I like to think of myself as a pretty healthy person, so when I started a two-week trial run with MyBodyTutor.com, I didn’t expect it to change how I eat very much. I hoped it would give me some personalized workout tips, and help keep me honest about how much sugar I eat. I was surprised to find out all the ways I could eat better every day, and by how very hands-on this online diet program really is.
My Body Tutor is a one-on-one nutrition and fitness counseling service that provides you with a totally personalized weight loss plan. When you sign up, you will be paired with a Body Tutor, a trained fitness and diet expert who will guide you along your weight loss journey. Before you start, you will have an initial call with your tutor to talk about your goals, fitness level and to help them get to know you.
Adam Gilbert, the founder of My Body Tutor, was—well—my body tutor. In our initial call, I proved to be a pretty atypical client, because my goal is to eat better but not necessarily lose weight. Adam was up for the challenge, explaining that we can all work to be a little healthier. He explained his eating philosophy: cut down on simple carbs, eat plenty of fruits and vegetables, and be sure to get protein with every meal. He also recommended eating some protein and complex carbs every three hours, either as a snack or light meal, to keep my energy and metabolism up.
Been a fan of The Biggest Loser? Don’t think you could ever be on the show? Want to have the same amazing results in the comfort of your own home? Now you too can achieve fabulous weight loss goals, just as the show contestants have done for 11 seasons. The experts on The Biggest Loser Coach Network will help you:
- Learn how to take control by starting healthy lifestyle habits.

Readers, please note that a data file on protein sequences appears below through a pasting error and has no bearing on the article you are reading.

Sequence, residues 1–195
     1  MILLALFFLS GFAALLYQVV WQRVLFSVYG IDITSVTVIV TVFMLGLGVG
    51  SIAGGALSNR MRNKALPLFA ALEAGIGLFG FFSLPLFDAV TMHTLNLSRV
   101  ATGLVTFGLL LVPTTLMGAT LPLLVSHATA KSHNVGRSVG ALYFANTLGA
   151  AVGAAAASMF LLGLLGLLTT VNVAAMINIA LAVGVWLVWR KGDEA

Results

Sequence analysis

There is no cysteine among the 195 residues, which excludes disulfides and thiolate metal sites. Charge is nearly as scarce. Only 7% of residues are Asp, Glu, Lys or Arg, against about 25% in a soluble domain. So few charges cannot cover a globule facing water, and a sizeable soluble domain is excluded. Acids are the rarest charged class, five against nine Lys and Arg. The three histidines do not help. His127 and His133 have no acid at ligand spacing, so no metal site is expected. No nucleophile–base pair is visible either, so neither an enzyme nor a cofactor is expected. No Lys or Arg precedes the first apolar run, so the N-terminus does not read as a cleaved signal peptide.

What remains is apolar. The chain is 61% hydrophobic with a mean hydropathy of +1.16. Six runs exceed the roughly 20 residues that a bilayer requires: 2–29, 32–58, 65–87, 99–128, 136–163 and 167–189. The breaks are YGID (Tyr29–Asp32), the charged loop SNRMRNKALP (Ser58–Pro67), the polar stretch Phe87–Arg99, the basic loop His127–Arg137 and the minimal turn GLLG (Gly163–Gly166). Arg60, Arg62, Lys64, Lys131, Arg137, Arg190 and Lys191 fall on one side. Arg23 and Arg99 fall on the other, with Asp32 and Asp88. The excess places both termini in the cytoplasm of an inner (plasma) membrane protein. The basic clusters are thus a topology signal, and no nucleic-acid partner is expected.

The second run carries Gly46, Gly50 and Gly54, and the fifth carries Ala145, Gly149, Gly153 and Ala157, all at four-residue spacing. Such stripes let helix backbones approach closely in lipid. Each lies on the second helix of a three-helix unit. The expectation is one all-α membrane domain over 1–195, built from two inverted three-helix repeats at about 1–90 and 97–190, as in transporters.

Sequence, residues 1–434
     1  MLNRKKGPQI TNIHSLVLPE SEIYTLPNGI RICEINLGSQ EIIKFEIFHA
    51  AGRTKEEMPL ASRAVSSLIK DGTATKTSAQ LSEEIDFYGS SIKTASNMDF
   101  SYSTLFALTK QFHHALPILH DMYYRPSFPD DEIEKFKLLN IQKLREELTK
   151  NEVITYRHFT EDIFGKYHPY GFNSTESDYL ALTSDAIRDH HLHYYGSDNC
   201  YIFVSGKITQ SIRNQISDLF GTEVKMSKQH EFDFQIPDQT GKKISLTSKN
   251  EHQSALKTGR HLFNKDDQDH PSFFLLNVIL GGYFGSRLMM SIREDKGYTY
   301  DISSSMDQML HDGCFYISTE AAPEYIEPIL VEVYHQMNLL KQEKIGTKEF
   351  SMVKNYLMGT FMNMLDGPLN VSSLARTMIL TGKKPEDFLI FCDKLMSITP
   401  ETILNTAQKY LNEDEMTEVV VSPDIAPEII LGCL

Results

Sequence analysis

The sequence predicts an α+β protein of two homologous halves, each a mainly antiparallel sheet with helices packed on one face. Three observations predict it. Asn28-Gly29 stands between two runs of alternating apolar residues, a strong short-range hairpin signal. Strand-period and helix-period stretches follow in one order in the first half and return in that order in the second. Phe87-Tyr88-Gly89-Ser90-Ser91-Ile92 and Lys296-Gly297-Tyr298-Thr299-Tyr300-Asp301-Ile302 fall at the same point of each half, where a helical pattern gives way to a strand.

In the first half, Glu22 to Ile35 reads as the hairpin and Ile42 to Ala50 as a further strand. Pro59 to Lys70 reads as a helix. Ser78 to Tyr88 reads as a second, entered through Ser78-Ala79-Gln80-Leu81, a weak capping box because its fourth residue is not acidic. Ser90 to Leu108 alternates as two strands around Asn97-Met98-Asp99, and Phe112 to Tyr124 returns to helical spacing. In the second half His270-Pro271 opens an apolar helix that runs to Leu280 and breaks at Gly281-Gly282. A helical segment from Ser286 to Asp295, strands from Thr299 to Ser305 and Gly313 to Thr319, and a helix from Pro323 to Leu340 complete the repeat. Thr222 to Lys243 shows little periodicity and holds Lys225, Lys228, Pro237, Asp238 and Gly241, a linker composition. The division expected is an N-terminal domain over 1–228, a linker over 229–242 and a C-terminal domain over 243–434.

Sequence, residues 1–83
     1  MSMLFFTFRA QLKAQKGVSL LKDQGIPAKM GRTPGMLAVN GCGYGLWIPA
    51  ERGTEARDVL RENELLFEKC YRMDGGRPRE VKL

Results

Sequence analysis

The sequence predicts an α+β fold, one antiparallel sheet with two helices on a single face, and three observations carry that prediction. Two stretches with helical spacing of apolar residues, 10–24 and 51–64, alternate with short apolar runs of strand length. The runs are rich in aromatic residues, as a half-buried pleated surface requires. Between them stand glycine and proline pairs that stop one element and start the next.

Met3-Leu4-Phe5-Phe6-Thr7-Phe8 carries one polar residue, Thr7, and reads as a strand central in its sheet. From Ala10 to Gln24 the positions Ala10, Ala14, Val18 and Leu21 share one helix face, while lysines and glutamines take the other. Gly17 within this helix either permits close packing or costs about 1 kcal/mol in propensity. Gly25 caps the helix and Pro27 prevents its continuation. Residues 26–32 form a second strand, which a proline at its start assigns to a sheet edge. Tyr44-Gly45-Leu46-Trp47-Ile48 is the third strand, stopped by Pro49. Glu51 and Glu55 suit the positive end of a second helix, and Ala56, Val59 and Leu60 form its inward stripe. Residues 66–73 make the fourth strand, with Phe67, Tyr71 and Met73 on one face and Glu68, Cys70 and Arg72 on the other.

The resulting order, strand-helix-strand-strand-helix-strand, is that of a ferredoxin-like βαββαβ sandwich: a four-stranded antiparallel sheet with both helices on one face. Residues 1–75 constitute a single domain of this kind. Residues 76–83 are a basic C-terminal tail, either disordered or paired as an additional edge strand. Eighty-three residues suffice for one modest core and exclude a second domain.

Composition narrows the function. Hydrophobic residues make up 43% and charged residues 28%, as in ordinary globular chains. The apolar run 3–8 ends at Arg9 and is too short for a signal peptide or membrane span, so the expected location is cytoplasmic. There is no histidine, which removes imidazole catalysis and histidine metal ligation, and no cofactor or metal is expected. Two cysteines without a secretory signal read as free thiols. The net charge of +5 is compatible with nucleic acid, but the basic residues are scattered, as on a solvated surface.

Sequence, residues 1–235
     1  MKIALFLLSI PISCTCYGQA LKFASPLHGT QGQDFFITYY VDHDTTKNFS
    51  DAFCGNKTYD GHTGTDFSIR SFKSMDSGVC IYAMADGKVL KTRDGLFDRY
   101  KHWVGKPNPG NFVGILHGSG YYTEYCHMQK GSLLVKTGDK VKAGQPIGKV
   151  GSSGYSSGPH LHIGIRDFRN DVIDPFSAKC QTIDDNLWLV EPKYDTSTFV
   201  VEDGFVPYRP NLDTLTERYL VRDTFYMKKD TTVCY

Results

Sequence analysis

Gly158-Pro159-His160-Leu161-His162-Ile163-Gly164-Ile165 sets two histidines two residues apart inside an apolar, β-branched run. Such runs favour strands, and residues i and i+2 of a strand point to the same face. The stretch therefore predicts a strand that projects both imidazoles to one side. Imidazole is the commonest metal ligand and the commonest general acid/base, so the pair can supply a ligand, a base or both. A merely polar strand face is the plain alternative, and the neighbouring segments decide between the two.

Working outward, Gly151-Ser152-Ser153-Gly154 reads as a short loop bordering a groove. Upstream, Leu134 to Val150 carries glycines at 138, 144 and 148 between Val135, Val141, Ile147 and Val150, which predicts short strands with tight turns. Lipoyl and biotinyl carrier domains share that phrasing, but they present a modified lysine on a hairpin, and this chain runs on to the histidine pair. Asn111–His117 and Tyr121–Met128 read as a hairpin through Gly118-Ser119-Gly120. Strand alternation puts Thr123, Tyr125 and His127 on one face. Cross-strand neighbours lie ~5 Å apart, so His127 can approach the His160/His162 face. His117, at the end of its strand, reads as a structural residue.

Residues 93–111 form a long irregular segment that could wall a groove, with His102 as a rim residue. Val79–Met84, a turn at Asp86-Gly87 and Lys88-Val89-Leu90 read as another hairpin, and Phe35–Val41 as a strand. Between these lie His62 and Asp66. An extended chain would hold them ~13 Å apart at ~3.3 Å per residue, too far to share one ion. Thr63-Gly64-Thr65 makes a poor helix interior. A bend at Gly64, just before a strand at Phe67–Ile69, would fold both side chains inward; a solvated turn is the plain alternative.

- Create challenges to help you improve and sustain your healthy lifestyle.
- Recognize the difference between being an optimist vs. a realist.
- Discover the common behaviors of successful people.
The Biggest Loser Coach Network will help you uncover the areas of your life that need improvement in order to help you create the best you, with unlimited, 24-hour telephone and Internet access to experts in goal setting, healthy life choices, business, relationships, time management, and more. (more…)
Sometimes the best weight loss tool can be a support group. If you’re not ready to fork over part of your paycheck to a big online weight loss program or follow a rigorous calorie restriction diet, you might mimic a few of our favorite food, family and lifestyle bloggers and look online to find a community that will help you reach your healthy living goals.
Food bloggers Sarah Caron of Sarah’s Cucina Bella and Cate O’Malley of Sweetnicks launched Eat. Live. Be., a healthy living challenge for a diverse group of bloggers who are trying to meet healthy living goals in 2020. Some are trying to exercise more (or more regularly), some are pledging to cook more healthy dinners each week and others are giving up Diet Coke.
“I am working toward losing 40 pounds — and having the support of this fabulous community makes me more accountable,” said Caron. “I hope it makes others more accountable too.”